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A Washington Newcomer Learns The Particulars Of Voting In His New Home

Parker Miles Blohm/KNKX
Steve Holdsworth is a new Washington state resident. He and his family live on Bainbridge Island.

This story is part of KNKX's series "Five Voters, Fresh Perspectives."We're looking at the 2018 election through the eyes of five people who are at a turning point in their lives.

Steve Holdsworth began working as a Lead Advisor with Brighton Jones in downtown Seattle last spring. His family joined him here in September. They live on Bainbridge Island, and they moved from Memphis, Tennessee.

Steve says there are a lot of differences between his old home state and his new one. For starters, his commute used to take about 10 minutes. Now it's about 90 minutes. He catches a bus on the island, takes a ferry to downtown Seattle and then rides a bike along the waterfront.

More importantly, he says his new home state works hard to educate voters about issues and candidates.

Steve has lived in a lot of places around the country. His father was a civil engineer in the Air Force, and his family moved frequently when he was growing up. He says Washington is the first place that's allowed him to register to vote at the same time he got his driver's license and the first place that's mailed him a voter pamphlet.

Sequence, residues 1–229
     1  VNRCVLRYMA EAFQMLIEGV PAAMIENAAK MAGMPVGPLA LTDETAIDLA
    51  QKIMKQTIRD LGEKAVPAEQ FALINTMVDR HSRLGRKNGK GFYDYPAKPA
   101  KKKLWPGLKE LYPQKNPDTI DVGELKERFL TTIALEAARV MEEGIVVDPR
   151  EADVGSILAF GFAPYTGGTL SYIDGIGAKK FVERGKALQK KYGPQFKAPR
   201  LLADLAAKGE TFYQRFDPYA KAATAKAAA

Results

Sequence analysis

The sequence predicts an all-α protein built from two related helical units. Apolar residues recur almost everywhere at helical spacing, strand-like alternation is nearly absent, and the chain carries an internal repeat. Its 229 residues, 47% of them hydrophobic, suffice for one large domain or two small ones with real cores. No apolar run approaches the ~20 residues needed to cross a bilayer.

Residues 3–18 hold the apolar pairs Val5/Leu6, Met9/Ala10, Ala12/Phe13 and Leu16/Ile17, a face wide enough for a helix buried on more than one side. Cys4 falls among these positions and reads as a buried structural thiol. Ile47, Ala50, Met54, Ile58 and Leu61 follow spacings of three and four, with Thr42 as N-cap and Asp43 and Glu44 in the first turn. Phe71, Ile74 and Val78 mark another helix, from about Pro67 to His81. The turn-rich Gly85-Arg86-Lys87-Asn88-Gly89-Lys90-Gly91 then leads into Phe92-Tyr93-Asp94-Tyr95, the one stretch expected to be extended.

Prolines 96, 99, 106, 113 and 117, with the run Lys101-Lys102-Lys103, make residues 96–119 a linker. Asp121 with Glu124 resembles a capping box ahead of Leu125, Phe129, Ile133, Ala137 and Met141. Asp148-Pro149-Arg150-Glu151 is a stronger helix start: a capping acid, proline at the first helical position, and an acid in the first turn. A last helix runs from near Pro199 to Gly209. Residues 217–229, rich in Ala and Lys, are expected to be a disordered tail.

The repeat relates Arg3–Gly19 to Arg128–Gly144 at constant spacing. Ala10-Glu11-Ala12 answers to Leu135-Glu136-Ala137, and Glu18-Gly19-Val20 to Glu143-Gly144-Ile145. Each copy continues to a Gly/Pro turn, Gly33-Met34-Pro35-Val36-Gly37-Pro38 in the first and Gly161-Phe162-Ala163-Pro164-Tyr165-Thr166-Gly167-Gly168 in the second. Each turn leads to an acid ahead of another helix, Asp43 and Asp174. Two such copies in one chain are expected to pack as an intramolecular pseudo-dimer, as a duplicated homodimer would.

"To know that for everyone, that information being available, is huge," he said.

He's also looking forward to filling out his ballot in the comfort of his own home. The last time he voted, he had to wait three hours at the polling place. While he was in line, he had to listen to partisans advocating for their candidates.

"You're still getting the, 'Vote for me, vote for me, vote for me,'" he said.

It's good that so much information is available, because Steve feels like he has a lot to learn about the statewide ballot initiatives. He knows they're complex, and he's heard a lot of opinions from co-workers and neighbors.

Many people will be upset, no matter the outcome, the day after election day. But, Steve said, "It's tough for me to feel like you can be upset about anything if you didn't vote. So by've been heard."

And he hopes electoral outcomes won't damage relationships.

"My neighbor and I may be polar opposites on whether there should be a levy to increase the width of [state route] 305...but you're still my neighbor...and if you need something from me, I'm still going to want to help you out, and I feel that you would feel the same way," he said.